Workshop on

"Multivariate Risk Management"

December 10-11, 2007

EURANDOM, Eindhoven, The Netherlands



Hansjörg Albrecher, Radon Institute for Computational and Applied Mathematics, and Graz University of Technology, Austria ( )

Tax payments in risk theory

In this talk it is shown that the inclusion of tax payments according to a loss-carried forward system modifies the survival probability of a classical risk process in a surprising and very transparent way. This effect is then also studied for arbitrary spectrally negative Levy processes and a dual risk model. The distribution of discounted tax payments until ruin is investigated and the optimal surplus level to start taxation is identified.

Jake Ansell, University of Edinburgh, UK ( )

Title: t.b.a.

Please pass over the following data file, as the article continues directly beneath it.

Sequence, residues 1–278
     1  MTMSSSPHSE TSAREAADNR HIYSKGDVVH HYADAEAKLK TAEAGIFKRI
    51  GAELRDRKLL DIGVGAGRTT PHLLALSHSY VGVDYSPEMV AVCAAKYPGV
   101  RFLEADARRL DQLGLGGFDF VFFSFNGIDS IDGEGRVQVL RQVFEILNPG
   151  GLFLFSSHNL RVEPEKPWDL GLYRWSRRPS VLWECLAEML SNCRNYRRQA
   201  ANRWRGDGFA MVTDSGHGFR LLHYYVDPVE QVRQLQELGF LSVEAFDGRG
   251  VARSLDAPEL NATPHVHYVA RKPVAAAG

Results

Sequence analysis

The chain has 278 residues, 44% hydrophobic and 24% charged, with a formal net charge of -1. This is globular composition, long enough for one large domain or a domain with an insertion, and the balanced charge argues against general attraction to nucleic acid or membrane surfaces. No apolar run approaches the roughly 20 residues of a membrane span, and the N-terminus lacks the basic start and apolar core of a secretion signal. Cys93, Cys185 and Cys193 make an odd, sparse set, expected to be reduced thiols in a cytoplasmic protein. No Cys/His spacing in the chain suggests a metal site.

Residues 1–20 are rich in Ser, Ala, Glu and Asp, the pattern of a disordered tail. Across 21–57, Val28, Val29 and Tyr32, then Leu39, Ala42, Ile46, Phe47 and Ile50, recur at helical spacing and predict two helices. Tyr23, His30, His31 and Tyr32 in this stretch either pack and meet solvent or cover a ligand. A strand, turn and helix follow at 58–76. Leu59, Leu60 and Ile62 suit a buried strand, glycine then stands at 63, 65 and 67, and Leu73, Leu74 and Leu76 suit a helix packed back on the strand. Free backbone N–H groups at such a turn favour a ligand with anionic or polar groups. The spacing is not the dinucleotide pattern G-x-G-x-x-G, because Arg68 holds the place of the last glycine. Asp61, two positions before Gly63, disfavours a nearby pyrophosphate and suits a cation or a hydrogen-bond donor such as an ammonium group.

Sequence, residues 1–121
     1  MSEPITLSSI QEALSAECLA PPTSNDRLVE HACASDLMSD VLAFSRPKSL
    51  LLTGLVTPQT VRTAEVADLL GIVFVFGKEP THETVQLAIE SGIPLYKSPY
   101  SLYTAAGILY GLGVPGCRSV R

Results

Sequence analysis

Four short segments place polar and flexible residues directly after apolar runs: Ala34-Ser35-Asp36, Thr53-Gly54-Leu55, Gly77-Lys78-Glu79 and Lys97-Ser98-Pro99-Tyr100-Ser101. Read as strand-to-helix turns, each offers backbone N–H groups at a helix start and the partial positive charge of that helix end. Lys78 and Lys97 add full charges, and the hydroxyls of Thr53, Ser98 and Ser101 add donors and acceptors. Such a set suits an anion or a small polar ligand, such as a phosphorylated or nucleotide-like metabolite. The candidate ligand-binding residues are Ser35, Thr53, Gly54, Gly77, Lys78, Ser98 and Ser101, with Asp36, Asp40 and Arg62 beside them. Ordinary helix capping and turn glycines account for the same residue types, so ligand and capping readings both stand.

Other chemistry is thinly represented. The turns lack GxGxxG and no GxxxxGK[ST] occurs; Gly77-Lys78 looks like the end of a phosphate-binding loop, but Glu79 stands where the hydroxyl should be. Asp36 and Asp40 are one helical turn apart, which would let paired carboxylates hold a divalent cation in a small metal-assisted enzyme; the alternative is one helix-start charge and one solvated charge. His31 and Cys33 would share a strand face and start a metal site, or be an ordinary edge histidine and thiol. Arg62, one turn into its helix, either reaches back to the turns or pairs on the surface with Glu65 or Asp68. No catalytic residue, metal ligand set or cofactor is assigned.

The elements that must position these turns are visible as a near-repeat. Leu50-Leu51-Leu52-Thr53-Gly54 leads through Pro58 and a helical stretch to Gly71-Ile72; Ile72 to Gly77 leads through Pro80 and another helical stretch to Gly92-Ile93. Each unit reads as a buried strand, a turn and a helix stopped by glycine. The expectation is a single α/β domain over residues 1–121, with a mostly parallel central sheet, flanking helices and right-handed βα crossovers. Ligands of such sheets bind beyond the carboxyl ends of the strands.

Abstract: t.b.a.

Svetlana Borovkova, Vrije Universiteit Amsterdam ( )

Basket options and implied correlations

We introduce an analytical approach to pricing and hedging of basket options, which we call the Generalized Lognormal approach (GLN). This approach is suited to valuing options on general portfolios (baskets), e.g. those with arbitrary number of assets and containing both long and short positions, such as 3:2:1 crack spread.

The core of the GLN approach is the approximation of the basket distribution by a generalized family of lognormal distributions, which incorporates negative basket values as well as negative skewness of the basket distribution. Moreover, using generalized lognormal distributions allows us to stay within Black-Scholes framework and derive analytical formulae for the basket option value and the greeks, which can be evaluated quickly and accurately: something of a great value for practitioners.